Cell culture passaging protocol describes a general procedure for adherent cell lines and suspension mammalian cells in culture.
Definition of Subculture
Subculturing in tissue culture, also known as “cell splitting,” is required to offer fresh nutrients and growing space to continually expanding cell lines on a regular basis. The frequency of subculturing in tissue culture and the split ratio, or cell density plated, will be determined by the properties of each cell line. The line may be lost if cells are broken too frequently or at too low a density.
If cells are not divided frequently enough, they may exhaust the media and die, or in mixed cell cultures, a different type of cell may be selected. In general, once the proper timing and split ratio for a cell line has been determined, it should be utilised consistently for that line, with slight modifications only when absolutely necessary. subculturing in tissue culture techniques can be used to select for certain qualities in the cell lines transported. Changing the culturing routine could cause the cells and the scientist to become confused. Subculturing in tissue culture entails removing the growth media, cleaning the plate, dissociating the adherent cells enzymatically (e.g., with trypsin), and diluting the cell suspension into fresh media.
It is usually not essential to eliminate the leftover enzyme when using serum and the split ratio is large (e.g., 1:100). If the culture is kept in serum-free media, however, a suitable protease inhibitor, such as soybean trypsin inhibitor, must be used to neutralise the enzyme. Other considerations necessitate the adoption of alternative procedures. Even if serum is present, it is recommended to wash the cells following enzyme treatment if the cell line is carried at a very low split ratio. To prevent breaking the monolayer, all solutions added to dishes/flasks with adherent cells should be pipetted down the side of the dish or flask.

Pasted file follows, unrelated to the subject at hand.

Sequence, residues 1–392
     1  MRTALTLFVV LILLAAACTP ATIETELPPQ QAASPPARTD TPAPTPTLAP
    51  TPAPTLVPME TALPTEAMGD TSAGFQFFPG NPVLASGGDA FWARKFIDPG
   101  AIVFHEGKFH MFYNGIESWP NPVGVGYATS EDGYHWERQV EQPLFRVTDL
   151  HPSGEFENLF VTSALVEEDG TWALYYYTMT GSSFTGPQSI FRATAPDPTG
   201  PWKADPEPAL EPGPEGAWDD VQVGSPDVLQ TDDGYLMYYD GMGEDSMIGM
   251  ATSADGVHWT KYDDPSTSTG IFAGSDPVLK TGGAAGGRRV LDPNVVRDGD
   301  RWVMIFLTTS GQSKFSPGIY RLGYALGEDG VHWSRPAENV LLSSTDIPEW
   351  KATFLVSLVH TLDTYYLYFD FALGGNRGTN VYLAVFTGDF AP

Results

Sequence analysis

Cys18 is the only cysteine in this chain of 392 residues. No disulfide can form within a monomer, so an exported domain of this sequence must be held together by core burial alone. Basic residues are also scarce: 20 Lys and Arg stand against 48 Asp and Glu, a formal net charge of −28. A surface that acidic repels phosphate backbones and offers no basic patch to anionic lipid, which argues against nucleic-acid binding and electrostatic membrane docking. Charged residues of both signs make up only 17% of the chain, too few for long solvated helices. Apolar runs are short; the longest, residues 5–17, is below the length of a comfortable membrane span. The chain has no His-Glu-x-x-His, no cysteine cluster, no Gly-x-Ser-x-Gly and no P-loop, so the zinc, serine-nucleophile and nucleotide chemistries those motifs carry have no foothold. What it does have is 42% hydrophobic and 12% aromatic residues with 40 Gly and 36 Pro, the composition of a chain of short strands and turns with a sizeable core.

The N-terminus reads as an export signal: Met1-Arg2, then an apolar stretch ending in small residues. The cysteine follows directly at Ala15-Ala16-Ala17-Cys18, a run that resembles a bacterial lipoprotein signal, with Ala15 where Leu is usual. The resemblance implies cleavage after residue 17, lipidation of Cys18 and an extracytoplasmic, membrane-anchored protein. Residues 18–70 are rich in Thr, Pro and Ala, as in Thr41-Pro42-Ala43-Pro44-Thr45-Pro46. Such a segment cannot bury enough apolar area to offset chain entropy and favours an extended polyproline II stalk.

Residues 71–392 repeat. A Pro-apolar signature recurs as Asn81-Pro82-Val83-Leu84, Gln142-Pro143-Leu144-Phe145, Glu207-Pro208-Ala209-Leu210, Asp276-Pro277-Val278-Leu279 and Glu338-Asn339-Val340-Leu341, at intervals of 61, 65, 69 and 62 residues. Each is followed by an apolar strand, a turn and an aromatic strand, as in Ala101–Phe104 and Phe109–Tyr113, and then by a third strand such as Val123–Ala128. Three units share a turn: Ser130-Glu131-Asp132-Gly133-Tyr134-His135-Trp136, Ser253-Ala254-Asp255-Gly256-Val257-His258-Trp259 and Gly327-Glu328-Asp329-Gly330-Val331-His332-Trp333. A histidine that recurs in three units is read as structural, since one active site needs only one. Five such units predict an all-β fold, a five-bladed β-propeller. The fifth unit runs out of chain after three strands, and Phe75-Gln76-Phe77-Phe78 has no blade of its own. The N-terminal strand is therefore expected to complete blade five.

Adherent Cell Subculture
Figure 1: Subculturing Adherent Cells
- Assess the degree of confluency and validate the absence of bacterial and fungal contamination using an inverted microscope.
- Remove the spent media and wash the cell lines monolayer with PBS that is free of Ca2+ and Mg2+. If the cells are known to attach aggressively, repeat the wash step (Figure 1).
- Pipette roughly 1 ml of trypsin/EDTA per 25 cm2 of surface area onto the cleaned cell monolayer. To cover the monolayer with trypsin, rotate the flask. Return the flask to the incubator for 2-10 minutes after emptying the excess trypsin.
- Using an inverted microscope, inspect the cells to confirm that they are all unattached and floating. To liberate any remaining adhered cells, lightly tap the flasks on the side.
- To inactivate the trypsin, resuspend the cells in a tiny volume of new serum-containing media. Remove 100-200 L and count the cells. Use a trypsin inhibitor, such as soybean trypsin inhibitor, to inactivate trypsin in cells cultivated in serum-free medium.
- Transfer the required number of cells to a new labelled flask containing pre-warmed media and incubate according to the cell line’s instructions.
Suspension Cell Subculture
Cell cultures in flasks or spinners that develop in suspension can be maintained by diluting an aliquot of the suspension into fresh growth media.
- Flasks (75 cm2)
- Growth medium
- Using an inverted phase contrast microscope, examine cultures. Bright, spherical, and refractile cells should be seen in the exponential growth phase.
- Hybridomas can be quite sticky, and detaching the cells requires a moderate knock on the flask. EBV-transformed cells can form huge clumps that are difficult to count, and the large clumps’ centres may be non-viable.
- Take a tiny sample of the cells (100-200L) from the cell suspension and count them. Calculate cells/mL and re-seed the necessary number of cells into freshly prepared flasks by diluting the cells without centrifugation.